Now, more than 40 years later, minority pupils are still punished or excluded more often than their peers. This systematic racism, which is primarily against black pupils, has not faded into obscurity and should be tackled by the UK government to bring change on a social level. The recent report by MPs accuses the emphasis placed on racial discrimination in the education system and claims that it is a cause for the less well-off white children to be deprived of a good education. But this group of MPs must not forget the prolonged, widespread discrimination against minority groups in the system which has devastated many people’s futures.

White Privilege Report Wages a Cultural War

The education committee explains that white privilege was used as a societal privilege, which benefited white people over minority communities. But in the case of educational privilege, the term has not done what it was set out to do in the case of white children from the working classes. The Opposition Labour Party has accused the report of waging a cultural war and mentioned that the lack of investment by the Conservative Party in the education system is the reason for educational disadvantages. This was one of the most challenging sections of the government’s report on racial inequalities. The report faced much opposition, even by the committee’s own members, because using the term white privilege may set one group against another.

To some extent, children from all backgrounds have been let down and neglected over decades in the UK education system, but such reports create divides between children based on their race. Instead, it is suggested by some MPs that the Department for Education take steps to ensure that young people are not being sacrificed by political movements.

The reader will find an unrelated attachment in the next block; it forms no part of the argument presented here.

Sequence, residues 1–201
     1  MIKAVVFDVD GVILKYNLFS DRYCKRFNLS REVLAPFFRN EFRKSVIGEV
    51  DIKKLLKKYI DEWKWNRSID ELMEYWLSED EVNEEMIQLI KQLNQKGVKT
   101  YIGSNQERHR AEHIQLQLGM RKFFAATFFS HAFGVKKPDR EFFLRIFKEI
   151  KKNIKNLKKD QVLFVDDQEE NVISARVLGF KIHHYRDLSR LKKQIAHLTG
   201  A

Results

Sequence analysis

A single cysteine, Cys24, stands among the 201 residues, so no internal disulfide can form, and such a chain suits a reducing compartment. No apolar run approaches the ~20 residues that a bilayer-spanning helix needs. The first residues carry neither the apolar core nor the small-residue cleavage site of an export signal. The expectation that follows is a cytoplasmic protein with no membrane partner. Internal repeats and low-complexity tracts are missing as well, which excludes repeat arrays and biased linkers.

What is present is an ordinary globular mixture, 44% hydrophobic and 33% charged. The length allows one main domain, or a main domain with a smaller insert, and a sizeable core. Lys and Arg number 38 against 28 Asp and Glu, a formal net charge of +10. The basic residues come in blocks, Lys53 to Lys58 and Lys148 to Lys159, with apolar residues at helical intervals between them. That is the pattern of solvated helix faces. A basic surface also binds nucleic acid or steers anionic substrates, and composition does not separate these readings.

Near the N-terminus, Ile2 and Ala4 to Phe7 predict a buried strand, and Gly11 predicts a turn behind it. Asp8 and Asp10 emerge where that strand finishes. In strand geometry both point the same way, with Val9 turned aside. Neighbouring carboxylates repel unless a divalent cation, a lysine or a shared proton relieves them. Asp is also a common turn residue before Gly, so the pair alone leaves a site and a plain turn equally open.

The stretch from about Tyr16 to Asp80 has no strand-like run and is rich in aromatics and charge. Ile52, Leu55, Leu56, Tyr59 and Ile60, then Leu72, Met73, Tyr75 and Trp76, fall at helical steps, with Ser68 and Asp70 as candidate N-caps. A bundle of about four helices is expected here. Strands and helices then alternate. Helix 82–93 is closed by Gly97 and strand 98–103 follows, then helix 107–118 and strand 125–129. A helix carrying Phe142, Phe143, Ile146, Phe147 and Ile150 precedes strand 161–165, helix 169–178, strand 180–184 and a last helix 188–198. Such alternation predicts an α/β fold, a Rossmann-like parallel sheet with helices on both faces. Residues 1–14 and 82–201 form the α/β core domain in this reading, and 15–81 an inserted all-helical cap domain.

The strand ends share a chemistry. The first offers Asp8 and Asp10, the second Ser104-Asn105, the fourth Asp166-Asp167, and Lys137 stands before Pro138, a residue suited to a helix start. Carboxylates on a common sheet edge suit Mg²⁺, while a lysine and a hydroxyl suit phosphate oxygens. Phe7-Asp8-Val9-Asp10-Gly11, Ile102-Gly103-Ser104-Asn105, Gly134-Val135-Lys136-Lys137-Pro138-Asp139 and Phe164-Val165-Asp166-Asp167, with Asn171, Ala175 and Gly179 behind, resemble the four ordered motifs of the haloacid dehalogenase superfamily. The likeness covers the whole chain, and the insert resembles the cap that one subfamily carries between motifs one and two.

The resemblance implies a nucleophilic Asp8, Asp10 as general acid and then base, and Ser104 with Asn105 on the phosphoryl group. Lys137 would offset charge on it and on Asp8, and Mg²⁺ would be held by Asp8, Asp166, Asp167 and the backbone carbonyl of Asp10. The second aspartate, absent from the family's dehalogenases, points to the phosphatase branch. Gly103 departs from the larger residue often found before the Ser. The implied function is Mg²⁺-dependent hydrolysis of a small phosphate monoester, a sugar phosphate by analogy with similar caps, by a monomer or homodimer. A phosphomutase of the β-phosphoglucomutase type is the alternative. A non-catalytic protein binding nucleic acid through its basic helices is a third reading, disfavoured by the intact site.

Racism is a word that many people may link to “hate crimes or abusive and offensive language”, used against people of different races or ethnic backgrounds. Following the 2020 events in the US and the murder of George Floyd, many people may link the word racism to police brutality and wider “systemic” problems related to the criminal justice system, employment opportunities, health and care support, and perhaps educational privileges for non-white people.

Unfortunately, inside the UK, racism is certainly a problem within its education system and it must be addressed immediately. But a group of MPs in the new report have claimed that using the term white privilege is divisive and has led to the neglect of disadvantaged white pupils in schools, while the non-white pupils have been benefiting from it in the UK education system.

A group of other MPs accuse the report of fanning the flames of a cultural war and emphasise that such work creates divisions among young people based on their race. Critics of the report have asked the UK government to further investigate the education system to provide wider, equal opportunities for all children. In addition to taking systematic measures, there must be a societal effort to eliminate racist opinions in society as a whole.